Heidi (Lucy Fry) and Jane (Eiza González) are best friends and live in something of a nowhere location of New Mexico where the former is a diner waitress and the latter works at the local rodeo. They like to head off into the desert to lose themselves in the landscape for a while, sometimes with Jane on horseback, but there may be more to their relationship for Heidi than either of them are prepared to acknowledge. Jane aspires to be Queen of the Rodeo, believing this will be her ticket out of there, and is often imploring her pal to set her sights higher than simply waiting on tables for the rest of her life, but she is fairly content with her lot, no matter what Jane says...
Until, that is, an element of her life is taken away and she begins to question her existence. There is a significant scene early on in writer and director Alexandra McGuinness' film where a mother asks Heidi at the diner where she works if she has seen her daughter, for the girl disappeared and as there are plenty of such vanishings in this area, she feels the absent person has been forgotten about. Is there something sinister going on, which is your first thought, or is this situation more to do with this place being a no-hoper residence the most ambitious young women make a point of leaving far behind as soon as they are old enough to do so? Our heroine is about to find that out.
Though not immediately, as she has to deal with Jane's impatience with her lot on life, wishing her friendship was enough to keep her by her side, and not admitting that she has a deep love for the girl that is not sexual, more born from their bond that should be supportive yet Jane is making moves to escape from, Heidi through no fault of her own emblematic of the smalltown mindset she wants to abandon. However, when around the halfway mark the title of the movie makes itself plain, and Jane really does go missing, is this down to her setting off for a better existence that fulfils her in a way that even the rodeo has failed to, or has she been spirited away by sinister forces just as many are suspicious has happened to the other missing girls? Although you may not expect it, you do discover the answer to that question.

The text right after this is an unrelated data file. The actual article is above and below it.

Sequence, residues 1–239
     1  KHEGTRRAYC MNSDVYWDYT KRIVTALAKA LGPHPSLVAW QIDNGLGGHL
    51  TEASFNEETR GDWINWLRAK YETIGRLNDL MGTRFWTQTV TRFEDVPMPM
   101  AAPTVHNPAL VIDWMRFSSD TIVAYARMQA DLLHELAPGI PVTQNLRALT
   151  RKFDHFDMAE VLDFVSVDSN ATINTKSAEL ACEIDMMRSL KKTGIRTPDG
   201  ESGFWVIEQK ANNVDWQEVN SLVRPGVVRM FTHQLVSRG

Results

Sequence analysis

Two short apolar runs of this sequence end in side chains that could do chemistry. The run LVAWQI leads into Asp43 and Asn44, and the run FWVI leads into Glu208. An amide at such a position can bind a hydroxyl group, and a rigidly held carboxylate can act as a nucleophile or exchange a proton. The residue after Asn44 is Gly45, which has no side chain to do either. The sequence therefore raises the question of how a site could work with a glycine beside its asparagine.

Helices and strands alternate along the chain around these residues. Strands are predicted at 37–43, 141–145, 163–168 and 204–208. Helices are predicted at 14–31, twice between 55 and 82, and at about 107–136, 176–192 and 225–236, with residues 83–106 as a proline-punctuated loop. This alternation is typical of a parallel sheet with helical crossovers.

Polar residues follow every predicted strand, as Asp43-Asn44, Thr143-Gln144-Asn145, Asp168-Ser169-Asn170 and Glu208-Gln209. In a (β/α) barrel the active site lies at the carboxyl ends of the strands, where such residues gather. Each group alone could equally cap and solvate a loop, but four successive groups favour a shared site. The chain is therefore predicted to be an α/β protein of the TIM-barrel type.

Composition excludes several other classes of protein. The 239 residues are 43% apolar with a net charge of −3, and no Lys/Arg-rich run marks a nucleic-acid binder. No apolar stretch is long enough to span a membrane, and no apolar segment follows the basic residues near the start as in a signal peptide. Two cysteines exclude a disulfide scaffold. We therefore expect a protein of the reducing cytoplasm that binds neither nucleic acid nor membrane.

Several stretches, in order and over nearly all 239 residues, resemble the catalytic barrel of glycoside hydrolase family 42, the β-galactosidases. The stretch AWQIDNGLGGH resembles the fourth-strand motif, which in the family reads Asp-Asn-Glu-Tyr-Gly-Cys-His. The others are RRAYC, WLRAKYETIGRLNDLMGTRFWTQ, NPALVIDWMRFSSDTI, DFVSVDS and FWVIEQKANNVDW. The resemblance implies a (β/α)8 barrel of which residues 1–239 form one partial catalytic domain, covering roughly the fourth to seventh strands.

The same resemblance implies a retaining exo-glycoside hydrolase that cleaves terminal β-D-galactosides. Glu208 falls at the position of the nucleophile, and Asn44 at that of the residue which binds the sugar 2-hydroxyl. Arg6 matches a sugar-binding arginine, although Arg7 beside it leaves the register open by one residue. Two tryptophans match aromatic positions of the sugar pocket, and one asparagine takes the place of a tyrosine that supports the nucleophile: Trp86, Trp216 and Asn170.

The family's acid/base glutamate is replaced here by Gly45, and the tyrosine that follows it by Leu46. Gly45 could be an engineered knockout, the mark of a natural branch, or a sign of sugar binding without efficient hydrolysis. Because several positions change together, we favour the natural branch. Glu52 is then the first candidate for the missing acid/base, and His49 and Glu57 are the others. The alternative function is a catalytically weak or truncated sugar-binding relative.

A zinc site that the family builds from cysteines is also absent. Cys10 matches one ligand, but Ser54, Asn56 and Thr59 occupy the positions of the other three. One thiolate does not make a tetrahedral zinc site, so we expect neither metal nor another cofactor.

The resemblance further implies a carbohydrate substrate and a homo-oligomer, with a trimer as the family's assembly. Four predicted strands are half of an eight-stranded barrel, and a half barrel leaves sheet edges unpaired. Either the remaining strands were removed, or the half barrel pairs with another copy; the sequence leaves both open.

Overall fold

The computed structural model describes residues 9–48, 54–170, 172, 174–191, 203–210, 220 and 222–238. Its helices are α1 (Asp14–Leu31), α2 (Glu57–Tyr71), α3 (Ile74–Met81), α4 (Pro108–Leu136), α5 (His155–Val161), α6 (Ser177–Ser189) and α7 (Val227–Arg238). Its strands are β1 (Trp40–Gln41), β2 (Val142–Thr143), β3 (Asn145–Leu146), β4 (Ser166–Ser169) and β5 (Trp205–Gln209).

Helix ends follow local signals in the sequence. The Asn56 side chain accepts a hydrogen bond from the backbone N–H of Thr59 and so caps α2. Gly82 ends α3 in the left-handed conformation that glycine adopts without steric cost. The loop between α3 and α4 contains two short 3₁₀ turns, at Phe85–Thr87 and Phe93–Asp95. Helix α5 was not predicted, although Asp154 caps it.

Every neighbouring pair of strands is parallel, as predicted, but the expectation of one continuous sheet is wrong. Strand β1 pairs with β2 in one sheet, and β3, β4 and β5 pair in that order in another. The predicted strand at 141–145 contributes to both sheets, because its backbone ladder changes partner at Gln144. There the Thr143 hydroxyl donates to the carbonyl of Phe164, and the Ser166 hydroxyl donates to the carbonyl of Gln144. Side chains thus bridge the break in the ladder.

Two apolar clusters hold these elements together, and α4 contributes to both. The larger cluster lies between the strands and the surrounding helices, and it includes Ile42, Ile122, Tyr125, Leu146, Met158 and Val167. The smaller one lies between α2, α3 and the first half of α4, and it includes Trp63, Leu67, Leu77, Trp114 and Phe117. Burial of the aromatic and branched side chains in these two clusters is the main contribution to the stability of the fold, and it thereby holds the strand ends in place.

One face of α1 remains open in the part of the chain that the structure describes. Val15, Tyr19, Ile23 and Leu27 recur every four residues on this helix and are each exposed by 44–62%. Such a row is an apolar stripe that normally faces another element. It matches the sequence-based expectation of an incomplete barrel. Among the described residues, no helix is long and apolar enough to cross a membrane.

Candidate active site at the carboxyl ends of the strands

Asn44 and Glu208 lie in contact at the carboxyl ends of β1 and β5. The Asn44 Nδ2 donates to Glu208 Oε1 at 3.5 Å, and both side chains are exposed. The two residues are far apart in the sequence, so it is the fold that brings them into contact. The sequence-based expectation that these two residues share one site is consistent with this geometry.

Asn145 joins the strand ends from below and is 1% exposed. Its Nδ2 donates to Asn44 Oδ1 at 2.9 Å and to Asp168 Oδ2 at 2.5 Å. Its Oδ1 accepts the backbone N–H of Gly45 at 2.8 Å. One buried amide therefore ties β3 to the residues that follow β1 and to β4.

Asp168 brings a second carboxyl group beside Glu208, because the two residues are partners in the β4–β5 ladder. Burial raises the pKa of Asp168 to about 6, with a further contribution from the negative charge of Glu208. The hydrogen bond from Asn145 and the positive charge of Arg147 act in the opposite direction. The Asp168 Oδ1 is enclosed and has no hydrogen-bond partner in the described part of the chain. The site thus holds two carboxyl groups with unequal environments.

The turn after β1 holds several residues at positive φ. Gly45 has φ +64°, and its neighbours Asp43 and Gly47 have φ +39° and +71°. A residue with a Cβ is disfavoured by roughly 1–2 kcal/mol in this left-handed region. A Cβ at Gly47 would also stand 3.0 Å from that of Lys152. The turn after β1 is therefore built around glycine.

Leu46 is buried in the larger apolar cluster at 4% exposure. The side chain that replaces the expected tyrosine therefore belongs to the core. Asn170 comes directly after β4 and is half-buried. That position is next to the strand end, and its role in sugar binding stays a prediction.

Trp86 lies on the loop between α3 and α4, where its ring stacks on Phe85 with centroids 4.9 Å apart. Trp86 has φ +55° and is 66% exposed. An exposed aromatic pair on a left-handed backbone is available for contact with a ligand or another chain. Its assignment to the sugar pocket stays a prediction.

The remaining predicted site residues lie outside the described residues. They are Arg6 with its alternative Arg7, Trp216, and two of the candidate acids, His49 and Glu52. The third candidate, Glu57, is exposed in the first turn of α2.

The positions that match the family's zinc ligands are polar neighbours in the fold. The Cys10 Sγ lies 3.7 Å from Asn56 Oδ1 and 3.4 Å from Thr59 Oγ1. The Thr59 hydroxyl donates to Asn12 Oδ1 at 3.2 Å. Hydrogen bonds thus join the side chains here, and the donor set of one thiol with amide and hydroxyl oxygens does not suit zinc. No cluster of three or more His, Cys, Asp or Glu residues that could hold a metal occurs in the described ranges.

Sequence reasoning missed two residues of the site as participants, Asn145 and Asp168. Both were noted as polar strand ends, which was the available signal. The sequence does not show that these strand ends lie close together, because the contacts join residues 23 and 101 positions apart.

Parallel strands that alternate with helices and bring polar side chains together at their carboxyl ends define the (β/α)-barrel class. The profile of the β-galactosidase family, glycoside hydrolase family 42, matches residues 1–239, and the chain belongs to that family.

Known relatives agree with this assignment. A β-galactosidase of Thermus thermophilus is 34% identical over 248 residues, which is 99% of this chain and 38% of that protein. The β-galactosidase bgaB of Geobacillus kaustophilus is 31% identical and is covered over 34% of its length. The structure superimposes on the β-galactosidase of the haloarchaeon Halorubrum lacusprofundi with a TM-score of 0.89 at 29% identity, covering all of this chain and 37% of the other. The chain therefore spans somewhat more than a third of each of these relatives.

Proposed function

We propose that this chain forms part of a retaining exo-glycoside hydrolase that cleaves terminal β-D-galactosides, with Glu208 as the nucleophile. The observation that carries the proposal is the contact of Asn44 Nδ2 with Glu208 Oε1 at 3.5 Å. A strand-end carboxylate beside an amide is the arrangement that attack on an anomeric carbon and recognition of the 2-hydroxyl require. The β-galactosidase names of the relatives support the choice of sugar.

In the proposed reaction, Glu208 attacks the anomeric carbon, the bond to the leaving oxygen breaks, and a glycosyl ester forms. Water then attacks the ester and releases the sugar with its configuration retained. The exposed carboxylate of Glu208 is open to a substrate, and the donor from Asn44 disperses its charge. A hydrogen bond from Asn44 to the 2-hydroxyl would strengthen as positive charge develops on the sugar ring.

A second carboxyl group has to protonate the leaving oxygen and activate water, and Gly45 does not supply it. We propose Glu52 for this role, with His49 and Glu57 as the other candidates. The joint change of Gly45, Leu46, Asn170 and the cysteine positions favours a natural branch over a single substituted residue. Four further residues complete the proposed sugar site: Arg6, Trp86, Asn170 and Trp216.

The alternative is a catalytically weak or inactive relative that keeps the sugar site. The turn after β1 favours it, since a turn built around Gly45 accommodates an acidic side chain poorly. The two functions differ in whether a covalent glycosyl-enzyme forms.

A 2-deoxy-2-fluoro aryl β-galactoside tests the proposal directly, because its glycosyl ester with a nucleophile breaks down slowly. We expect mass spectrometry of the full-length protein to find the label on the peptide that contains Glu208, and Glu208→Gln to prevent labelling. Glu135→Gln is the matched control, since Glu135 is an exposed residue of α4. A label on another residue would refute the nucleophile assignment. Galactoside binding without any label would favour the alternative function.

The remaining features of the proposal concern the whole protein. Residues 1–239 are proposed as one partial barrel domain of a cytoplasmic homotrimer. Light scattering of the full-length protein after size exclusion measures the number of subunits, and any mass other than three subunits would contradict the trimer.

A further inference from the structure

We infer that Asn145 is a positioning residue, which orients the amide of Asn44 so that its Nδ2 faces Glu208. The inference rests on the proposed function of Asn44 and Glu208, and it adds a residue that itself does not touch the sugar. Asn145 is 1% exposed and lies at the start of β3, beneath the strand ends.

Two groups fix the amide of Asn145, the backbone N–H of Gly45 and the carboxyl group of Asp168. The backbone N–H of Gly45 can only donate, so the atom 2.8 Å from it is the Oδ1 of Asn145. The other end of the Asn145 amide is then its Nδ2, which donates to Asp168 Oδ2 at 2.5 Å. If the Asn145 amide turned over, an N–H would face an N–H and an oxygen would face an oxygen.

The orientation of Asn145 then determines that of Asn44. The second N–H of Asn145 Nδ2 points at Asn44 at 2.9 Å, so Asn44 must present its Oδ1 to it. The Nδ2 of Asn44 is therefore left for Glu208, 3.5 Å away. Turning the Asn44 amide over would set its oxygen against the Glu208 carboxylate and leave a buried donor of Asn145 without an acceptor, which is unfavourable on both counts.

Therefore this may have been a mystery drama, yet it was not a thriller, so Heidi does not bust a human trafficking operation and liberate a group of sex slaves while armed to the teeth and trying out some martial arts moves into the bargain. McGuinness kept the mood low key and enigmatic, which as she was frequently making use of the New Mexican desert was highly effective in rendering the atmosphere of the picture absorbing, whether you were leaning towards investment in these characters or not. Locations such as this had been a bonus for filmmakers ever since the days of the fifties science fiction flicks as far as mystery went, and She's Missing was little different, somehow this choice boosted what could have been a shade too basic as far as the plotting was concerned, until Josh Hartnett showed up anyway.
Yes, the former next big thing of the noughties Josh Hartnett had a role here, and one which he was effective in given it traded on his physical attraction yet was able to make you uneasy about his character too. But in the main it was the broken connection betwixt Heidi and Jane that compelled, well delivered by both Fry and González to have you convinced these two had been fast friends for some time, but now, sadly, that time was ending, be that forcibly or because they wanted to spend their days doing different things. There are men in their lives, but none of them are able to provide anything like the support that they could for each other, thus creating a poignancy that Jane is drifting away from this intimacy. This played games with perception, including scenes of drug taking to state that some need to be taken away from the world as we know it into other realms, but there was nothing to indicate it did any good. The final shot was appropriately ambiguous, maybe in Heidi's mind, maybe actual, but overall this was a quietly haunting piece. Music, also haunting, by David Harrington.
[SHE'S MISSING is released on iTunes (click here) and On Demand from 1st July on Sky Store, Virgin Media, Google Play, Youtube and Amazon.]